Menu CATEGORIES

Connect with us

CATEGORIES Menu
All Articles

What Should CU’s Admissions Criteria Really Be

The SAT and ACT suck. They have problematic histories and are not good metrics of students’ qualifications. Because of the pandemic, Columbia and Barnard have temporarily seen the light and gone test-optional. But with no test scores required, how should Columbia and Barnard choose whom to admit? Bwog Staff has some ideas:

Embrace Randomness:

-Pick names out of a hat until all available slots are filled.

-Use a random word generator. Write down the first two results. Students whose full names use the majority of the letters in those two random words will be admitted.

-A Hunger Games style lottery

-Only students who mention their grandmothers in their college essays

Evaluate If They Have What It Takes To Attend CU:

-Call all students in the middle of the night. Whoever picks up the phone has demonstrated true commitment and is now a member of the CU community.

-Hold a cry off: Every applicant is given a bucket and an hour to cry into it. The students who fill their buckets can attend.

-All applicants are forced to squish roaches in Hartley for exactly 60 seconds. Students who squish the most roaches and show no fear have earned their spot.

-Move the swim test from a graduation requirement to an admissions requirement.

Test Their Skills:

-Make them interpret PrezBo’s emails. If they succeed, they get in (and then they can translate the emails for me).

-Have a bluff off. Whoever can most convincingly spew BS for the longest will thrive in Lit Hum and has talent (but also is probably really annoying).

-Make them navigate their way across NYC with no map or cellphone. If you can get from Staten Island to Low Library before nightfall, you’re a real New Yorker and a Columbia admit.

-Host a speed reading competition as Roar, Lion, Roar is sung by a gaggle of drunk students. I’m not sure what skill this takes—I just want to be a fool in front of a bunch of scared prospective students.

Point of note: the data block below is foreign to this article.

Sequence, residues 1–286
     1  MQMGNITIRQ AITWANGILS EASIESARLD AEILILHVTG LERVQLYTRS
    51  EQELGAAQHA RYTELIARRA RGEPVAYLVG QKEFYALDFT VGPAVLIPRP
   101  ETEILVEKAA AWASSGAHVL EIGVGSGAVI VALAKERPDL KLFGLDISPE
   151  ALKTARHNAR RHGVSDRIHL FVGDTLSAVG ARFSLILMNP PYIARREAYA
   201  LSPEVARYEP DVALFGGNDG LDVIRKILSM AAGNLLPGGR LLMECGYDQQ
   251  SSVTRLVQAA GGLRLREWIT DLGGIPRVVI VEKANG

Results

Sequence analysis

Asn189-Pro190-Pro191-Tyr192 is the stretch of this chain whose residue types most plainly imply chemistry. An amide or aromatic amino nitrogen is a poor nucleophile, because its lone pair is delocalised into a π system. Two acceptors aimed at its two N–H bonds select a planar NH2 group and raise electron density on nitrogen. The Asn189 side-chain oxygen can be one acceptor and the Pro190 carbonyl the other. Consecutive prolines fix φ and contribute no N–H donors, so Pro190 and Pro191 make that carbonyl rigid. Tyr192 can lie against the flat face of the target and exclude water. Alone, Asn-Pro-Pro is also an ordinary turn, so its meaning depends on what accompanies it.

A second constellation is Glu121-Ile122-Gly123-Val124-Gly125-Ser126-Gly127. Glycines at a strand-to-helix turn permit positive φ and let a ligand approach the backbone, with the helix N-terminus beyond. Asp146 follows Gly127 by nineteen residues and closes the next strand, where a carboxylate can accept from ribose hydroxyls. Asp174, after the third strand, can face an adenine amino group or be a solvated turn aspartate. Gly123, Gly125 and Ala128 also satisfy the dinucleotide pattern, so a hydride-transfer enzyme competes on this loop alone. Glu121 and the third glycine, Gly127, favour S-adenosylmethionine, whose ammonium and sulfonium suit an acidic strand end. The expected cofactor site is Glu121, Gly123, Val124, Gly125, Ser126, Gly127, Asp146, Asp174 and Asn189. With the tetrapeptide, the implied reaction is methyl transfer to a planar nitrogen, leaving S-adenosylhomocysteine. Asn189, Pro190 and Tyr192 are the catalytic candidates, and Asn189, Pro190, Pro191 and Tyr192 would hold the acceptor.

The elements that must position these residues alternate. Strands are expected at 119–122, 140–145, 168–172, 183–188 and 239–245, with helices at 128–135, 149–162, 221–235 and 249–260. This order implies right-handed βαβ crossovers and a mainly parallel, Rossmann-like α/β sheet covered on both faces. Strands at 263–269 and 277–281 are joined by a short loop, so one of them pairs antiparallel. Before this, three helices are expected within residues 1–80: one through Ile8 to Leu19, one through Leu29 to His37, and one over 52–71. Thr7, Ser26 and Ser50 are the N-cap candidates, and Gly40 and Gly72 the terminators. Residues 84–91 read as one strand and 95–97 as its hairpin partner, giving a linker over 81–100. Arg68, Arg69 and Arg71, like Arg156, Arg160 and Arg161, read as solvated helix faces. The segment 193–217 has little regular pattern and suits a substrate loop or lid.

Welcome to Columbia via Bwog Archives

Click to show comments
3 Comments

Write a comment

Your email address will not be published.

 

3 Comments

  • Anonymous says:

    @Anonymous Doing well on the SAT/ACT and other standardized tests is a necessary but not sufficient condition for being able to succeed at an elite institution. If a person can’t handle a simple standardized test, they should not be at CU.

    Dismissing the tests as “problematic” is not an argument and does not refute the above point.

    3
    1
  • Anonymous says:

    @Anonymous Columbia should choose the best and the brightest students with the most potential without regard to race, creed, color, religion.

    1. Anonymous says:

      @Anonymous idk man hunger games sounds kinda sick

      3
      3
  • Ad

    Have Your Say

    What should Bwog's new tagline be?

    View Results

    Loading ... Loading ...

    Recent Comments

    That’s wifey right there (read more)
    Dress Up As Alma (And Other Statues) For Halloween
    October 29, 2020
    funny, can write, AND can model? a triple threat (read more)
    Dress Up As Alma (And Other Statues) For Halloween
    October 29, 2020
    omg! this is such a great article! (read more)
    Dress Up As Alma (And Other Statues) For Halloween
    October 29, 2020
    Magnolia Bakery was here in DC at Union Station. They have been closed since the pandemic which I found out (read more)
    An Ode To Magnolia Bakery’s Banana Pudding
    October 29, 2020

    Comment Policy

    The purpose of Bwog’s comment section is to facilitate honest and open discussion between members of the Columbia community. We encourage commenters to take advantage of—without abusing—the opportunity to engage in anonymous critical dialogue with other community members. A comment may be moderated if it contains:
    • A slur—defined as a pejorative derogatory phrase—based on ethnicity, race, gender, sexual orientation, ability, or spiritual belief
    • Hate speech
    • Unauthorized use of a person’s identity
    • Personal information about an individual
    • Baseless personal attacks on specific individuals
    • Spam or self-promotion
    • Copyright infringement
    • Libel
    • COVID-19 misinformation